Day Three Papal Visit

 On the third day of the visit, Pope Benedict will celebrate Mass in Westminster Cathedral where he will also greet the people of Wales. 
Later in the day he will visit a home for older people and then be present at an open-air Vigil of prayer in London's Hyde Park.

 There has been a lot of words during the last three days of the papal visit

This passage in my mailbox was perhaps a message for me to reflect on the speeches before I post any thoughts on them.


Above photo crowd at Hyde Park Vigil

 

Be Still, Take Time
Wayne Muller
When we breathe, we do not stop inhaling because we have taken in all the oxygen we will ever need, but because we have all the oxygen we need for this breath. Then we exhale, release carbon dioxide, and make room for more oxygen.
Sabbath, like the breath, allows us to imagine we have done enough work for this day. Do not be anxious about tomorrow, Jesus said again and again. Let the work of this day be sufficient....
The world seduces us with an artificial urgency that requires us to respond without listening to what is most deeply true. 
In Sabbath time, we cultivate a sense of eternity where we truly rest, and feel how all things can wait, and turn them gently in the hand until we feel their shape, and know the truth of them.
The theology of progress forces us to act before we are ready. We speak before we know what to say. We respond before we feel the truth of what we know. In the process, we inadvertently create suffering, heaping imprecision upon inaccuracy, until we are buried under a mountain of misperception.
But Sabbath says, Be still. Stop. There is no rush to get to the end, because we are never finished. Take time to rest, and eat, and drink, and be refreshed. And in the gentle rhythm of that refreshment, listen to the sound the heart makes as it speaks the quiet truth of what is needed.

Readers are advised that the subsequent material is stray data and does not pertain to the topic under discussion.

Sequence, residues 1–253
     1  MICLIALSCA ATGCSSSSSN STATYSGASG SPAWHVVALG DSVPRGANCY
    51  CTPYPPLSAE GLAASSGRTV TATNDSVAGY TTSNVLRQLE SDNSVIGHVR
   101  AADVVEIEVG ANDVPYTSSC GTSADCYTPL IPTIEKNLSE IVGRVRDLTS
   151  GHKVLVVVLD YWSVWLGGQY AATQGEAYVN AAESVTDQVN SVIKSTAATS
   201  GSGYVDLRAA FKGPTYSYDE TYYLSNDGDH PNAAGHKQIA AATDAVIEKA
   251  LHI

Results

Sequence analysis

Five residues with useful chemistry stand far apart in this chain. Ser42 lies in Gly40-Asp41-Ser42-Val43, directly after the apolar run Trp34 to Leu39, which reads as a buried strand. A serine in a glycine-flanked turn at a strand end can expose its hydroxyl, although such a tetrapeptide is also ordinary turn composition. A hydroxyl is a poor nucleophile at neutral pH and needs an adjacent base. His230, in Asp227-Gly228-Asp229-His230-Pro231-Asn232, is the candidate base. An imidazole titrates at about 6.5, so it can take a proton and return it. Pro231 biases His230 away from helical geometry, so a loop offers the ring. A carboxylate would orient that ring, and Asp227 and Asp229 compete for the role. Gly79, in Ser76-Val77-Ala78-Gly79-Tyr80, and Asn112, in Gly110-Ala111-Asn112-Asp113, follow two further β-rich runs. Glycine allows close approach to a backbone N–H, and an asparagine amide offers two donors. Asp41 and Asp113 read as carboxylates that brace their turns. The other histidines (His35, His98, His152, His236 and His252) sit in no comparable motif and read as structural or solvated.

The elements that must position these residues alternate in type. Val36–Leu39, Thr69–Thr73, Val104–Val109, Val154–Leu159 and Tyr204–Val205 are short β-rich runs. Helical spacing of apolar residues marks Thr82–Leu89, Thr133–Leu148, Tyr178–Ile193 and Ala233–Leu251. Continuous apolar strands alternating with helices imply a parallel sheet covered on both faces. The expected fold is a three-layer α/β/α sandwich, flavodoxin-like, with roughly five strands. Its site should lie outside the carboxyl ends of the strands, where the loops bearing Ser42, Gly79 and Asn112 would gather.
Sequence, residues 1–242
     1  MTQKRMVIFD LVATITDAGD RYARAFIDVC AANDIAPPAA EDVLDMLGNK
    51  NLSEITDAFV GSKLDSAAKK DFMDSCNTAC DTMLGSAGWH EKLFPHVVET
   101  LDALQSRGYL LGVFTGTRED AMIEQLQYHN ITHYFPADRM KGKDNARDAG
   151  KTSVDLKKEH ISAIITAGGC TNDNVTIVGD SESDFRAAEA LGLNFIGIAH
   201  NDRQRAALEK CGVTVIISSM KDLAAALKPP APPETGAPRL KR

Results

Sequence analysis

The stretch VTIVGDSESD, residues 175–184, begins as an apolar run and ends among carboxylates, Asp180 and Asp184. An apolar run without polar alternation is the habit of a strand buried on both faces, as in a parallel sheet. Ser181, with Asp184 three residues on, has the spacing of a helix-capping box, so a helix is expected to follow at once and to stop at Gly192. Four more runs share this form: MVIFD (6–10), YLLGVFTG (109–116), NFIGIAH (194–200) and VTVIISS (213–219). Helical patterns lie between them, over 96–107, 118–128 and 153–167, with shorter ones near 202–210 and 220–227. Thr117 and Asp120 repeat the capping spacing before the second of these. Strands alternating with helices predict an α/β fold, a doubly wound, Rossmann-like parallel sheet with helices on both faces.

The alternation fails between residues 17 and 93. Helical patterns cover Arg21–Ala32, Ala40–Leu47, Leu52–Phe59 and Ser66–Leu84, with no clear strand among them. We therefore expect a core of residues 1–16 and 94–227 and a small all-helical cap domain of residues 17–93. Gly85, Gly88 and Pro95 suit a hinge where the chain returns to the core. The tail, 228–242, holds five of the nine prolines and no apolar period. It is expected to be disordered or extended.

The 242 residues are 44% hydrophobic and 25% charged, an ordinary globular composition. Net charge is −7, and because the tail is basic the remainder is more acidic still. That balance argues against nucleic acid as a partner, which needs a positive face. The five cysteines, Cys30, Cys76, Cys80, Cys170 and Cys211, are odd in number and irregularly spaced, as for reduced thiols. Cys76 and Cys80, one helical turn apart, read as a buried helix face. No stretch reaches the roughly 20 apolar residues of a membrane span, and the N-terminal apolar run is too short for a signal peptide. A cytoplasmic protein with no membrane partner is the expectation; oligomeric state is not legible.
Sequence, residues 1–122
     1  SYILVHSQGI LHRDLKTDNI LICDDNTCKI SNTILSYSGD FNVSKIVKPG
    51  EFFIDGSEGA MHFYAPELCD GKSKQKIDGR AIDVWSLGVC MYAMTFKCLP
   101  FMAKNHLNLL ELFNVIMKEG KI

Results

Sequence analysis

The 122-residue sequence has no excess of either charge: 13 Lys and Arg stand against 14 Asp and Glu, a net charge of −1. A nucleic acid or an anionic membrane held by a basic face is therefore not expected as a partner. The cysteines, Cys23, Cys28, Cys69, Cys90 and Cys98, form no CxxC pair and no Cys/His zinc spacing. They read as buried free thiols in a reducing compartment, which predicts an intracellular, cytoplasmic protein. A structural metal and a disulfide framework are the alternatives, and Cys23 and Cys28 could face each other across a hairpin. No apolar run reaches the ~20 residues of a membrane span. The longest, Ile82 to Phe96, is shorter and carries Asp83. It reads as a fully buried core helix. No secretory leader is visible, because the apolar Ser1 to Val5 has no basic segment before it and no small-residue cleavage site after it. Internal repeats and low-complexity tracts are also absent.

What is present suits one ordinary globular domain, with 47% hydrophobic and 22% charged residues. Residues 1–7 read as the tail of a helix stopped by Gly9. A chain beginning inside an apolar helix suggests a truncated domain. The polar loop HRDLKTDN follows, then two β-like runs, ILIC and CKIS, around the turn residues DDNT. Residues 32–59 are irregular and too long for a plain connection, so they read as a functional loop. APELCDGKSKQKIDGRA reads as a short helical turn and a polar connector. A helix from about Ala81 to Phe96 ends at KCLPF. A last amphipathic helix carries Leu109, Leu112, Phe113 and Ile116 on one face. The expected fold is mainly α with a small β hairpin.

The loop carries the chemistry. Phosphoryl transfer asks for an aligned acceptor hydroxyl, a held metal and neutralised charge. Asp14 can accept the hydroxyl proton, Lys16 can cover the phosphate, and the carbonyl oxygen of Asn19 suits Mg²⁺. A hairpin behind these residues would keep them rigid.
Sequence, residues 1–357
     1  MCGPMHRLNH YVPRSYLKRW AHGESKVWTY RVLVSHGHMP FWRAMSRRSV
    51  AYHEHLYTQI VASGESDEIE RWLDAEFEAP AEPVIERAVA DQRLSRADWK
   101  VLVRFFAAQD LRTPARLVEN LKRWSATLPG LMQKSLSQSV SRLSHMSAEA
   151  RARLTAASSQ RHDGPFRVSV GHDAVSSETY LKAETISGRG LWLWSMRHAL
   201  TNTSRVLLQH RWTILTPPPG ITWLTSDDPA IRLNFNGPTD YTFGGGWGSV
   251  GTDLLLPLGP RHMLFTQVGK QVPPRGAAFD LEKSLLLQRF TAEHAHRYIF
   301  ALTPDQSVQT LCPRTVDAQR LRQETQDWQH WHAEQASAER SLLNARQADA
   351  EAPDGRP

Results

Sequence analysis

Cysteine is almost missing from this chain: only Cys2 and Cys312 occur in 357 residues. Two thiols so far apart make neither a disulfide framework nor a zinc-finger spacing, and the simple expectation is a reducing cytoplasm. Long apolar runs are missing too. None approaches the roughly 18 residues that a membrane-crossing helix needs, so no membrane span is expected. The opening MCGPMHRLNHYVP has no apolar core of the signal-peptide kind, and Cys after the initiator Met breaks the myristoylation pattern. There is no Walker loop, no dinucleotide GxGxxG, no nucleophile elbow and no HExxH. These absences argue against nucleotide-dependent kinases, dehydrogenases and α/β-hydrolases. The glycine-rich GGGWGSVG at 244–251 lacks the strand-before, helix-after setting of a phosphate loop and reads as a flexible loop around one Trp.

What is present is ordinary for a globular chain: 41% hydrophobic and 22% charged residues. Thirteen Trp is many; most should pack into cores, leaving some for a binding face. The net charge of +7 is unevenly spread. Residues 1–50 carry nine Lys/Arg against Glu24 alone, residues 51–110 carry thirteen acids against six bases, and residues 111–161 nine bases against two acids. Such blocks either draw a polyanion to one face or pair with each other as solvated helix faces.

Source: Sabbath


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3 comments:

claire said...

Interesting, Phil, for I came here to know what you think of all this. I personally find little interest in following what is happening. But what you think of it and how you see it or feel it, is important to me.

An Anglican friend of mine called me as she was watching the Pope in Glasgow. My holy friend could feel the Spirit in the place...

Blessings.

Philomena Ewing said...

Hi Claire,
I realise that my refelctions are what you wnt but I have not been feeling 100% these last few days so it is as much as I could do to put the factual links on.Also I need time to process what I have seen and heard. I did give a reflection after Day One and a brief one after Day Two so I have not done too badly.As the speeches have come thick and fast in the last day or so it would be wrong of me to rush off something just for the sake of it. I suppose twitteris better for the immediate minute to minute feedback but as I've told you I can't manage that. Sorry to disappoint.

Philomena Ewing said...

I can say that the reception for the Pope has been terrific and much better than many anticipated. He has come across very well and I have warmed to him.